China's search for energy resources in Southeast Asia can help deepen China–ASEAN relations in cooperative terms. It can also be a cause for possible conflicts. Rising energy prices, fears of supply scarcity, and rapid increase in oil-import dependence in China and ASEAN countries have helped drive resource nationalism among regional governments and local communities. In the South China Sea, the question of access to maritime energy resources is interlinked with national sovereignty issues, making the South China Sea disputes more complex. This chapter will try to analyse two critical questions: whether the potential energy reserves in the South China Sea has contributed to aggravating these territorial disputes and thus intensified regional suspicions of China's hegemonic ambition; or whether these potential energy reserve can instead provide a means for the parties to seek cooperative and collaborative solutions, and thus improve China– ASEAN relations.
MARITIME ENERGY RESOURCES AND THE “SOVEREIGNTY DILEMMA”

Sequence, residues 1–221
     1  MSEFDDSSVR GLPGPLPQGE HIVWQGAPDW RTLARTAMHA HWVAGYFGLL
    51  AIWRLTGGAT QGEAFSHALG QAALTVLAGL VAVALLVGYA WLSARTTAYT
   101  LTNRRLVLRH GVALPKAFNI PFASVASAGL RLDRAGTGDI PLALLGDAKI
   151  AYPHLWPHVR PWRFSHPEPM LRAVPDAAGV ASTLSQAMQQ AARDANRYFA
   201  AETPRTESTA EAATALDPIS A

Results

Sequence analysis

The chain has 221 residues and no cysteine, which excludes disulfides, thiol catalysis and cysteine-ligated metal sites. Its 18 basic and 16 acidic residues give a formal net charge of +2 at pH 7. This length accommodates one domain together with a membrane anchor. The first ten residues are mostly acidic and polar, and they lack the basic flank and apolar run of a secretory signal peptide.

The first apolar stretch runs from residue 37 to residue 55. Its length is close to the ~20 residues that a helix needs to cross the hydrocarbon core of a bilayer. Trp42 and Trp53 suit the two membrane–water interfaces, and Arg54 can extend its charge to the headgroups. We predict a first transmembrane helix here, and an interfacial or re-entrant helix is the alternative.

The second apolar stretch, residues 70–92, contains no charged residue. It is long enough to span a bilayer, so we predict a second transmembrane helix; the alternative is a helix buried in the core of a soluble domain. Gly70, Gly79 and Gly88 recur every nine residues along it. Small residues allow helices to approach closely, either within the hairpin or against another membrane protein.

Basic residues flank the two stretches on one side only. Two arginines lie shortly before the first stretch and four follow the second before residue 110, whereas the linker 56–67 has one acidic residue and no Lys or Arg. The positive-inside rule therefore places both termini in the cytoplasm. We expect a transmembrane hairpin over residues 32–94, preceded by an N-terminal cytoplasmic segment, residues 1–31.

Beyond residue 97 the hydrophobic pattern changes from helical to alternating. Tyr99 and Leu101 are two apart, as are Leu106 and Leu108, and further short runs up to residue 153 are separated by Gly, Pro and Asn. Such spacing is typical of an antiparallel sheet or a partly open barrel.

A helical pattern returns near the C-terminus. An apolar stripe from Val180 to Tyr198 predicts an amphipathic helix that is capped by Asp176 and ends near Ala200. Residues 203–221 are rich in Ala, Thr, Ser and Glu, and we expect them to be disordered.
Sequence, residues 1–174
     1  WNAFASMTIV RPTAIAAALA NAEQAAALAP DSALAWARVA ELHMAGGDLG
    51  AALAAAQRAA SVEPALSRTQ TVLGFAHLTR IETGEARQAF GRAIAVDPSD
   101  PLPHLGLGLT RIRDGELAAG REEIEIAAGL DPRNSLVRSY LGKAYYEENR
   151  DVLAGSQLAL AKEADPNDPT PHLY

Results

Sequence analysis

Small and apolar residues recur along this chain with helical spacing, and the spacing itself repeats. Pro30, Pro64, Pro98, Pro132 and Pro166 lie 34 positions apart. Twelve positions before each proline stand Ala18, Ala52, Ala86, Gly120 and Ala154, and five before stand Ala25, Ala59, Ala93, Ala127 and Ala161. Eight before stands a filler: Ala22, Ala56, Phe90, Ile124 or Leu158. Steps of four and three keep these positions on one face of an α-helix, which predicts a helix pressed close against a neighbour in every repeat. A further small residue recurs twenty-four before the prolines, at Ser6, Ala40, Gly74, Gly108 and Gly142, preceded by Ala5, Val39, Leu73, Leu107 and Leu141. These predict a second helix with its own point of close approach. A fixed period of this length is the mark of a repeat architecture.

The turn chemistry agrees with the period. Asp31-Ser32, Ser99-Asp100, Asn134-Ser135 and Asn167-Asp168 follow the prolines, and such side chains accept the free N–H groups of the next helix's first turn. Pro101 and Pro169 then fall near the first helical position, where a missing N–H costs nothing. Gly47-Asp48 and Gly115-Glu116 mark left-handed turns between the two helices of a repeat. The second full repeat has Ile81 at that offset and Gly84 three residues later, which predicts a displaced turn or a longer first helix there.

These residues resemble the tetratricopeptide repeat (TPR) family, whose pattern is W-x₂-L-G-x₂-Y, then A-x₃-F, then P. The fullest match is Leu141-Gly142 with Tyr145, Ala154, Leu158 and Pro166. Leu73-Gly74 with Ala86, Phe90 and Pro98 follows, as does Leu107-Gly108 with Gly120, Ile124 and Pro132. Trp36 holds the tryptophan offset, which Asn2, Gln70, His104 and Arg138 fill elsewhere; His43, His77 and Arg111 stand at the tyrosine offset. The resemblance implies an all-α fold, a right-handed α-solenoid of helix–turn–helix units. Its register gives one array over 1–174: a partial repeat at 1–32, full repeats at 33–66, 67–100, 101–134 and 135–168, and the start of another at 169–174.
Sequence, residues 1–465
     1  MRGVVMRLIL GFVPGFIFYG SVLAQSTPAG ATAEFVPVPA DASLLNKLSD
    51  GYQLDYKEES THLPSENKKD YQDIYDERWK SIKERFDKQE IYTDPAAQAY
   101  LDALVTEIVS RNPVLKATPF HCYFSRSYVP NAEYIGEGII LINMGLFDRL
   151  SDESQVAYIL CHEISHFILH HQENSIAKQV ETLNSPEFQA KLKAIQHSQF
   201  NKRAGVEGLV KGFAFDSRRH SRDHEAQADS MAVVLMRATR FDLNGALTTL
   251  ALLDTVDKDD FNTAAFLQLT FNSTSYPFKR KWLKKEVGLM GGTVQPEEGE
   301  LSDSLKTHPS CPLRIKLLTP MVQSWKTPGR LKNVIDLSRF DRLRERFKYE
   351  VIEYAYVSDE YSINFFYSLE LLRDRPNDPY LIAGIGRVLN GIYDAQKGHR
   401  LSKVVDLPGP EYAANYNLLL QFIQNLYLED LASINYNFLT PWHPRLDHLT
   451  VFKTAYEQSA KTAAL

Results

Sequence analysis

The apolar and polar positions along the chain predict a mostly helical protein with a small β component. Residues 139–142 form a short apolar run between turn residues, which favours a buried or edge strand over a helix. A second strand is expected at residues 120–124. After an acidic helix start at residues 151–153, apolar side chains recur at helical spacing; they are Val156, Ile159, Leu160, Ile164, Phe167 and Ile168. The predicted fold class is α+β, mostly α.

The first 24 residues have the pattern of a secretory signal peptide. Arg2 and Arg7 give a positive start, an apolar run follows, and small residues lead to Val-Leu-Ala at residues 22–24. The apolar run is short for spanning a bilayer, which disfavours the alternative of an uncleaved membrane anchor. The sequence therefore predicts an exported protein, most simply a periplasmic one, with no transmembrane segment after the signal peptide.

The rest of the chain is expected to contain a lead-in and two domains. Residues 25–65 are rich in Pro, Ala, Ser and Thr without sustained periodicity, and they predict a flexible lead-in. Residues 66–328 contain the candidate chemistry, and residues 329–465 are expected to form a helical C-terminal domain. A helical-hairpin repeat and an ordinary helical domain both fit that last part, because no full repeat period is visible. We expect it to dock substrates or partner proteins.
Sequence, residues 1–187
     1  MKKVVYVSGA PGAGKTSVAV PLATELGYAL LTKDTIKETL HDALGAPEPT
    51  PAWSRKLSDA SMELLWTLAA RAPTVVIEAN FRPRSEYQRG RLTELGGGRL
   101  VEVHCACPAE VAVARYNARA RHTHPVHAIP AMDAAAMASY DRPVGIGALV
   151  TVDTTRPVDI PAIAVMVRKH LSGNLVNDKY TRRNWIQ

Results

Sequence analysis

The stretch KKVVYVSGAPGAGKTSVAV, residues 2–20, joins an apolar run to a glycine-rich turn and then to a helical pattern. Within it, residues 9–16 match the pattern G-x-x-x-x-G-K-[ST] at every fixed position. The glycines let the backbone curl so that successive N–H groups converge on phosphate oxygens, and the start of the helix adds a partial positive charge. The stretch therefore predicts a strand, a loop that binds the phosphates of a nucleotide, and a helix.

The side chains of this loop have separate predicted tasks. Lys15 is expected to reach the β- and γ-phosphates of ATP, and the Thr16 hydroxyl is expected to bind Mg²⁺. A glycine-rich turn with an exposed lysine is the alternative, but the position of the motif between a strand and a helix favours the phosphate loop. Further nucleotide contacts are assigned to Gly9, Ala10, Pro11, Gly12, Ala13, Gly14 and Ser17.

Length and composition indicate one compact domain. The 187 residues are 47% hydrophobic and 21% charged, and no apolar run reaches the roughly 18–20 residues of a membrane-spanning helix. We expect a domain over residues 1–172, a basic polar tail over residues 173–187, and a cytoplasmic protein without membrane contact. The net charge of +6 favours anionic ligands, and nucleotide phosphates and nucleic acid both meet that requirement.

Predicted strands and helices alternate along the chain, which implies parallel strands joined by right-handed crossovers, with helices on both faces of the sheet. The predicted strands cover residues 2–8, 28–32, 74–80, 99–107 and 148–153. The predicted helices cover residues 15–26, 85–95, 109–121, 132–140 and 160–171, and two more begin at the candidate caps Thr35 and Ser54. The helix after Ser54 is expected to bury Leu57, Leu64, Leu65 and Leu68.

In the South China Sea, maritime energy nationalism is often tied to disputes over territorial claims and fishing rights. Maritime energy resource nationalism is exacerbated by some speculative estimates that the ocean floor is rich of energy resources. Politics, both domestic and diplomatic, supports a predilection for optimistic assessments from the claimant states. Although geographic evidence suggests that the actual prospective areas are quite small, as most of the seabed lacks the characteristics to be seriously prospective, some countries’ estimates on South China Sea resource reserves are at a high level. Some international sources have suggested that the South China Sea could be “Asia's Mediterranean”, a “new Persian Gulf ”, and leading Chinese sources give estimates of the potential oil resources that are far higher than other estimates. In November 2012, the China National Offshore Oil Corporation (CNOOC) estimated that the South China Sea held 125 billion barrels of oil (bbo) and 500 trillion cubic feet (tcf) of gas beneath the South China Sea. In January 2013, the U.S. Geographical Survey published a much lower estimate of 11 bbo in proved and probable reserves, and 190 tcf of gas in undiscovered resources.
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